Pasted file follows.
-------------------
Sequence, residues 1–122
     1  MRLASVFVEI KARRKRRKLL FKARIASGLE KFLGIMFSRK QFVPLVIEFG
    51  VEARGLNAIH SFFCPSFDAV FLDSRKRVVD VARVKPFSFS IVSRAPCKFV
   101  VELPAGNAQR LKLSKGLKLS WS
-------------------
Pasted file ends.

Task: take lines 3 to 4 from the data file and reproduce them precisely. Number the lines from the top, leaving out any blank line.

    51  VEARGLNAIH SFFCPSFDAV FLDSRKRVVD VARVKPFSFS IVSRAPCKFV
   101  VELPAGNAQR LKLSKGLKLS WS